Resumes Are Not for Networking

If you are looking for a job, do your friends and family a favor and don’t give them your resume. You definitely want their help with networking but you are making it hard for them to do so if give them a resume. The standard resume is essentially a list of  accomplishments with maybe a short objective at the top. Resumes can be effective if you get them in the right hands, but they are horrible for your network. In the right hands a resume helps you stand out relative to a list of other people who specialize in the industry, skills, etc. that you do. In contrast, your job search network just wants to connect you as quickly as possible with someone else who might hire you. That task requires a different type of document, a Personal Marketing Guide.

Guidelines to Create Your Own Personal Marketing Guide

The purpose of the Personal Marketing Guide is to introduce your professional self to your friends and family. Here are some basic components to include.

Contact Info

Put your contact information in the header just like on a resume so your friends and family can help hiring managers connect with you.

Cover Letter

On the first page start with a letter to your friend or family member. It doesn’t need to be formal. Just write a few paragraphs about your current situation so they understand what you’ve been up to and why you are looking for work. Make sure you end the letter with a request for *only* the name and phone number of appropriate hiring managers who may be interested in your skills and experience. It’s also good form to let your friend or family member know that you aren’t asking for an endorsement, just a contact. And of course thank them in advance for any help they can offer.


One caveat about using a Personal Marketing Guide is that your network may not realize that it is only for them. You probably don’t want this document in the hands of a hiring manager. I’ve found that it is best to spell this out clearly at the top of the second page. Here are the instructions I have used in the past:

PLEASE NOTE: THIS DOCUMENT IS NOT A RESUME. This document is intended to provide friends and colleagues with information to help identify the types of companies and hiring managers that I hope to connect with. My resume will be made available to hiring managers under separate cover.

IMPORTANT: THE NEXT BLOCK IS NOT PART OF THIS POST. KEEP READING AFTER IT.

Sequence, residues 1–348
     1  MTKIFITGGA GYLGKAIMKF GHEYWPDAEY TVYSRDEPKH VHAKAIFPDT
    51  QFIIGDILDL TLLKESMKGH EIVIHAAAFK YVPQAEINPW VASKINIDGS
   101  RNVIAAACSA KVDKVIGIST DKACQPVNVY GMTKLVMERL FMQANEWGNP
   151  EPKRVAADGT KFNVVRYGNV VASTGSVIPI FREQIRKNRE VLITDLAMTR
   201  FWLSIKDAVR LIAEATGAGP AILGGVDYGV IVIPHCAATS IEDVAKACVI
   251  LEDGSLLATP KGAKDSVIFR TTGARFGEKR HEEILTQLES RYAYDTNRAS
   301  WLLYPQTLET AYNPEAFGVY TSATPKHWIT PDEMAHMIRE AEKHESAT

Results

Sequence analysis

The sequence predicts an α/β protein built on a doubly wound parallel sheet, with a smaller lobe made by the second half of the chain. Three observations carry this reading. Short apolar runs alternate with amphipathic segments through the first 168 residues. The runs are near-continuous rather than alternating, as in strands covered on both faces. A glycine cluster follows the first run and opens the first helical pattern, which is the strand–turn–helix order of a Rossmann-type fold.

In the objective section briefly describe the position(s) you are looking for. On my guide this was limited to one short sentence.

Target Market

In the target market section describe your target geographic location(s), target industries, and target organization size(s) (small, large, global, etc.).


In the overview section describe, in layman’s terms, what you do. Keep in mind that your friends or family probably don’t have any understanding of the terminology of your profession or industry so make sure you keep it jargon free. Also briefly describe your recent experience, again keeping the language clear and jargon free. This section should be a couple of paragraphs max.

Recent Positions

In this section list 3 to 4 recent positions and companies. You don’t need to provide details. Here you can use the official title as it might help your friend or family tell someone exactly what your recent titles have been and exactly where you worked. I usually limit this to title and company name.

Skills and Experience

Finally, provide a categorized bullet list of skills and experience. Each listed item should be just a couple of words. It’s okay to use jargon here if you can’t use clearer terms. My guide included lists under the following categories: project management, business, process improvement, industries, and technologies. Use categories that make sense for you.

It is okay to use jargon in the Recent Positions and Skills and Experience sections so that your friends and family can quickly answer specific questions like: Where has he/she worked before? What were his/her title/position? Does he/she have experience with …? etc.


I have used a Personal Marketing Guide for two job searches over the past 4 years and received positive feedback both times. Moreover, both times I found my new job by networking.

Your goal is to help your network identify hiring managers who may be interested in your skills and experience and to get their name and phone number. Once you have that it is your job to contact the hiring manager and send your resume.

Give the Personal Marketing Guide a try. I hope you’ll find it as useful as I did.

(I learned how to use this tool from Ed DeVries at LHH. Thanks Ed.)